Friday, September 12, 2008


From The News:
Dr. Andre Lalonde, executive vice president of the Society of Obstetricians and Gynecologists in Ottawa, worries that Palin's now renowned decision may cause abortions in Canada to decline as other women there and elsewhere opt to follow suit.
He says not every woman is prepared to deal with the consequences of Down babies, who have developmental delays, some physical difficulties and often a shortened lifespan.
Wider use of blood screening and amniocentesis during pregnancies can now accurately predict the presence of Down syndrome.
Lalonde says his primary concern is that women have the choice of abortion and that greater public awareness of women making choices like Palin to complete a pregnancy and give birth to their genetically-abnormal baby could be detrimental and confusing to the women and their families.
YET:According to a 2005 survey of nearly 1300 parents of children with down syndrome, a majority reported that doctors "didn't tell them about the positive potential of people with down syndrome."

I wouldn’t have flinched if the “good doctor” had said he THINKS the rate of abortions will go down.
But No, He FEARS.
It sounds to me like he begrudges my daughter the air that she breathes.
I guess pro-choice is only for those who want to abort.


Kelly said...

You have to understand that Canada is a socialist country and our universal health care creates an environment that views the "burden" you "choose" to take on as everyone's "burden".

Consider which candidate wants to bring the US toward a more socialist system and who wants to bring universal healthcare to the US.

Many parents here are scrutinizing state budgets looking for some extra cash for their kids education. It goes way beyond funding dollars if you have a child with special needs.

rickismom said...

This post had nothing per se against abortion. While I am definately in my personal beliefs, against abortion, I would not vote on a candidate solely on that issue. Nor does the post have to do with candidates. (Obviously, those of us who are voting will need to take funding for special needs as a criterion to consider.)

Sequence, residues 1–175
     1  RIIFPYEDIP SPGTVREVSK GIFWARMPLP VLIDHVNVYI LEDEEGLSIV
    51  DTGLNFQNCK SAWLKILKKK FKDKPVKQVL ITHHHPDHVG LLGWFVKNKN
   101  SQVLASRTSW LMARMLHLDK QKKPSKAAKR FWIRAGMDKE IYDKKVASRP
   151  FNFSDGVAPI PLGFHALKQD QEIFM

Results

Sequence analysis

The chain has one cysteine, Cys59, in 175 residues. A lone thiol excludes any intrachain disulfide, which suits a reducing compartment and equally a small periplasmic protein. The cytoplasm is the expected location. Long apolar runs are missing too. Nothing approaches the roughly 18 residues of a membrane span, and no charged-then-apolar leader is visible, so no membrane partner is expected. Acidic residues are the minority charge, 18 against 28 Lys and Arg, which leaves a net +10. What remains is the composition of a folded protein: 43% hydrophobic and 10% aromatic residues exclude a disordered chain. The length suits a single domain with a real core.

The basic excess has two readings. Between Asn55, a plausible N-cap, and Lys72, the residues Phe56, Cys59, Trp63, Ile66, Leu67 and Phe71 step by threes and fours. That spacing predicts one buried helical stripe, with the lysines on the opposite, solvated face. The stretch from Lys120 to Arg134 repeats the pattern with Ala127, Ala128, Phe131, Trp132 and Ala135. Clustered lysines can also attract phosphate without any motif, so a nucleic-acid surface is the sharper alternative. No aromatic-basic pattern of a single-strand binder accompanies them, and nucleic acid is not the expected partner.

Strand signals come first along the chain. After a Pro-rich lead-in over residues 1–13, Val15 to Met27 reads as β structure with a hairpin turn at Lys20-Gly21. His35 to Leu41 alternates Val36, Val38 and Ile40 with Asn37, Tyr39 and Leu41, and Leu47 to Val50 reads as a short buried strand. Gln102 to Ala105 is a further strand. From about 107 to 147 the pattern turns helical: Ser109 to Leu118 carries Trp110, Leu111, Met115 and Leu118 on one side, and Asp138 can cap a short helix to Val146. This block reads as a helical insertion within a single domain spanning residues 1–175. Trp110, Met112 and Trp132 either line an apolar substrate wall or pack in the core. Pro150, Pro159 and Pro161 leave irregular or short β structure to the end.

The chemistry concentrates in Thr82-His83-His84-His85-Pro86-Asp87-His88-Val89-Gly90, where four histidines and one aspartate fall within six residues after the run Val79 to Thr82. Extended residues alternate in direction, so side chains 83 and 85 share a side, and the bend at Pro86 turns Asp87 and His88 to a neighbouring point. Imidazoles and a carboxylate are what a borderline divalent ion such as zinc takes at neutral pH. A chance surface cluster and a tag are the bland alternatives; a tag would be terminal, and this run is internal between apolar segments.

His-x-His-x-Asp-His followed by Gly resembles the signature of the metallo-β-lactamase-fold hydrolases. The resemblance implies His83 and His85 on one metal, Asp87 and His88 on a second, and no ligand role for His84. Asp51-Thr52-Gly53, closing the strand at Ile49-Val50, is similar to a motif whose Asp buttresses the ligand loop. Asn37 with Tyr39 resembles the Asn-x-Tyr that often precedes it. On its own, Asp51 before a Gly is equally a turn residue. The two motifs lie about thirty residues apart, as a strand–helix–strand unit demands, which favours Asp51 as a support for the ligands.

What I am saying, is not only are we going away from the view that a baby has a right to live, we are reaching, quickly, the stage where the mother does not have the right to choose, is that choice will cost society money.
This attitude of "Why should we pay for your choice of a spcial-needs child is growing, and is very dangerous. The minute we see any person as an "expense", we are very quickly on the slope that says some people have a right to live, and some don't.

Anonymous said...

Kelly, I have no doubt that Rickismom understands the situation in Canada, even without reading her answer.

Rickismom, you 'get it' perfectly, as noted by Melody in a comment on 5minutesforspecialneeds. The implication that a genetic disorder is reason for death easily slides into disregard for the age of the person with the genetic disorder - esp. when viewed primarily on a cost basis.

From some I hear that 'pro-choice' has never been about choice. It's always meant pro-abortion. I hear, anyway. Barbara

Angie said...

In a "prochoice" world no one really has value.

RivkA with a capital A said...

Pro Choice is typically Pro Abortion.

I am pro choice. I think that mothers, who don't want their babies, should be presented with all their options.

Pro choice advocates frequently object to the activities of "alternative" organizations, such as Efrat, which offers financial aid to mothers who choose to keep their babies.